Tuesday, February 27, 2018

Book Review: Camp Austen: My Life as an Accidental Jane Austen Superfan by Ted Scheinman

I am so bummed that this happened in Chapel Hill and I never heard about it before now, even though I lived in Charlotte at the time. I guess that was the year I let my JASNA membership lapse, sigh.

Mr. Scheinman was a grad student at UNC when one of his professors came up with the idea to host what they jokingly refer to as a summer camp for grown ups but what is more of a conference, for academics and laypeople alike, focusing on Jane Austen. It is interesting to mix the two groups. Normally, they don't mix much, aside from the handful of professors who are invited as speakers to JASNA's annual meeting, but they are wildly outnumbered there, and tailoring their topics to a more lay audience, so this did have a different feel. I found one chapter to be too formal in tone, but then Mr. Scheinman settled down and got into the fun of things. Were all the costumes of the people's behavior perfectly accurate to the era? Certainly not. And is he a little full of himself after he's asked to play Mr. Darcy? Yes indeed. But it's easy to forgive these trips as we're all only human, even Austen herself was human, and so at times there are stumbles. However, for a casual Janeite, this was a fun read, and will inspire envy and hope that they'll do it again.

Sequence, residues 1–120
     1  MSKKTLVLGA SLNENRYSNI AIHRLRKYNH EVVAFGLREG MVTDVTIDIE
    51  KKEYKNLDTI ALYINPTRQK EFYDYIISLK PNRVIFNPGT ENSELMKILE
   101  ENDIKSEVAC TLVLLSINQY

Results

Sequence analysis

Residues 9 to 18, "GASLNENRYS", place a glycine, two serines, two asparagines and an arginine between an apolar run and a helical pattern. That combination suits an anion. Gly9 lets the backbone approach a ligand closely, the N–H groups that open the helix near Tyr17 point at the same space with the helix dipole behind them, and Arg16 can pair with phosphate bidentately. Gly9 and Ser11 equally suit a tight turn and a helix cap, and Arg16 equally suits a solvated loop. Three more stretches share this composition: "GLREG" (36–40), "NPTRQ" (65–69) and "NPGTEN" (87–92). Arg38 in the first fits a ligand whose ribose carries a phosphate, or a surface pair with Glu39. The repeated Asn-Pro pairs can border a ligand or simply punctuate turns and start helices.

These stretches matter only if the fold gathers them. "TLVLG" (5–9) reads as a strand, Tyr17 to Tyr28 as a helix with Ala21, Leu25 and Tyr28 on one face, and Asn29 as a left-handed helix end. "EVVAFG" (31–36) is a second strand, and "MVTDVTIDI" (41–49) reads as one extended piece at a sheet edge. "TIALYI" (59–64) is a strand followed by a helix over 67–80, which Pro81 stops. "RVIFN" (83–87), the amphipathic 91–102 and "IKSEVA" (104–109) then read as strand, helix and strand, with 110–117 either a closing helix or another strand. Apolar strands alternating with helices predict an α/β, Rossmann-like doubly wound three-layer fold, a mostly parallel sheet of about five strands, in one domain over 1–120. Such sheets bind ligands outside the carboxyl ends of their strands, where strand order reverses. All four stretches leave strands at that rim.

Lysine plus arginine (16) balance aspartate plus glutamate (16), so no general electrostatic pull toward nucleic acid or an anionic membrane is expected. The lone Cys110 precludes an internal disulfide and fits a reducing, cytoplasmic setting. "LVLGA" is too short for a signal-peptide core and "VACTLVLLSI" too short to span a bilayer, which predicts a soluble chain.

I got this book for free from FSG, the publisher, part of Macmillan, my employer.

Saturday, February 24, 2018

Book Review: In Search Of by Ava Dellaira

Angie never met her father. He died before she was born. Sure, life would have been hard with him too, as her parents were still teens when they got pregnant, and her father was black and her mother is white, but still, she'd give anything to have known him. Her mother won't even talk about him—she gets too upset when he comes up.